Protective Shield against Coronavirus for Germany: Financial Industry as Partner for the Real Economy

In a very short time, the German government and the federal states have erected a protective shield worth billions, including a large number of credit programmes for companies and the self-employed. To ensure successful implementation and efficient disbursement, policymakers can rely on an efficient infrastructure with a four-tier system comprising the state, development banks, principal banks and borrowers.

Short-time allowances – the so called “Kurzarbeitergeld”, deferral of tax payments, social security contributions and rents, tax-free one-off payments for employees and liquidity assistance for the self-employed are part of the billion-euro “Protective Shield against Coronavirus for Germany,” which the federal government and the states have erected in just a few days.

However, in terms of volumes and possible applications, loans to companies and the self-employed are the first priority for securing economic activity. Considering the variety of programmes, self-employed persons in particular, as well as small and medium-sized enterprises, should compare and analyse the respective requirements and conditions in detail before making concrete use of a particular aid programme.

A decade-old concept proves its worth in the crisis

In the programmes’ fast and efficient payments, the state, development bank, principal bank and borrower play together in perfect harmony. Politicians can access an efficient infrastructure within the financial sector, which has been successfully used in Germany for decades:

    • Borrowers can access the Corona loans via their existing bank, which of course already has comprehensive customer information. This eliminates the need for contacting a new institution and additional verification of authorisations, identity and creditworthiness.
    • After reviewing the requirements for a loan, the principal’s bank can request funds from the responsible development bank and at the same time – depending on the type of loan – draw on an indemnity against liability, usually between 80 and 100%.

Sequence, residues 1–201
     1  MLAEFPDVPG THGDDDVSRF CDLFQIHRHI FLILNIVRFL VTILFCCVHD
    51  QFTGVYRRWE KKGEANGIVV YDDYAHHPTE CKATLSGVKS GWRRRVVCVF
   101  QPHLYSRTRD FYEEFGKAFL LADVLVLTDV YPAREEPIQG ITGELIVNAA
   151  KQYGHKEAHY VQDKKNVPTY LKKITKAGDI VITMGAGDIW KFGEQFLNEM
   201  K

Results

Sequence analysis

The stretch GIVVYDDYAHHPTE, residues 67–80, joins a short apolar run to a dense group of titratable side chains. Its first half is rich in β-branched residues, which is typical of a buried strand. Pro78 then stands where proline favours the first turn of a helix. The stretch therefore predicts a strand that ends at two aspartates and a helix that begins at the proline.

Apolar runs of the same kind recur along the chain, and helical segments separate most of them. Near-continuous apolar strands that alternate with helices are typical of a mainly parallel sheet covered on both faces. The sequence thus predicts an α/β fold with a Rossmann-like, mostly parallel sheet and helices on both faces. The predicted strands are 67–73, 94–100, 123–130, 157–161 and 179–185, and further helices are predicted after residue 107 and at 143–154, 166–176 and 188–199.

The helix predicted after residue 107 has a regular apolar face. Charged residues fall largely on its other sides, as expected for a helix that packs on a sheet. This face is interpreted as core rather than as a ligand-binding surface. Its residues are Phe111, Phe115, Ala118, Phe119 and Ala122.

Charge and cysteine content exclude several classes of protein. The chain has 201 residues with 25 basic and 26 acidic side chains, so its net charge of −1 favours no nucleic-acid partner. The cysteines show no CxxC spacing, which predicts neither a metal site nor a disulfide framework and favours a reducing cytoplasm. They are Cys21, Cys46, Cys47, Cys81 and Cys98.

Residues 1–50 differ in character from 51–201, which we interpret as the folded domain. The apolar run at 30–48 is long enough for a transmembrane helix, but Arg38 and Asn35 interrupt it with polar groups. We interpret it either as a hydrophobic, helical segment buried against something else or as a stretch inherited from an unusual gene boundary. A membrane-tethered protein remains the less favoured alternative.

• For their part, the development banks rely on reviews by the principal’s banks. Also, they can easily refinance themselves, not only because they are owned by government entities, but because they also have a de facto “state guarantee” thanks to the specifically German legal institutions of institutional liability, so called “Anstaltslast” and “Gewährträgerhaftung”
    • As the development banks’ owners, the governments, in turn, determine the conditions and requirements under which development banks can extend credit to promote and support the economy during the Corona crisis.

Germany’s pioneering role in development banks

This tetrachord also explains why the protective shield consists of many different credit options. Due to the urgency of the situation, new programmes were not developed in favour of facilitating access to existing formats. In addition, there are two federally owned development banks in Germany, KfW Bankengruppe and Landwirtschaftliche Rentenbank, as well as investment and development banks in the 16 federal states.

With this concept, Germany is one of Europe’s pioneers when it comes to cushioning difficult economic situations and providing long-term financing for example for small and medium-sized enterprises. When KfW was founded in 1948, comparable institutions existed only in France, Italy, the Netherlands and Poland. It was not until 1989, first in the countries of Central and Eastern Europe, then increasingly in other EU countries from 2008 onwards, that comparable concepts were implemented and corresponding institutions were established.

For a long time, KfW has even mentioned its objective in its name. Its name was “Kreditanstalt für Wiederaufbau” which could be translated as “Credit Institution for Reconstruction”. In 2018, it was Germany’s third-largest bank and enjoys a AAA rating. Several state-owned development banks are also among Germany’s largest banks.

KfW’s Credit Offerings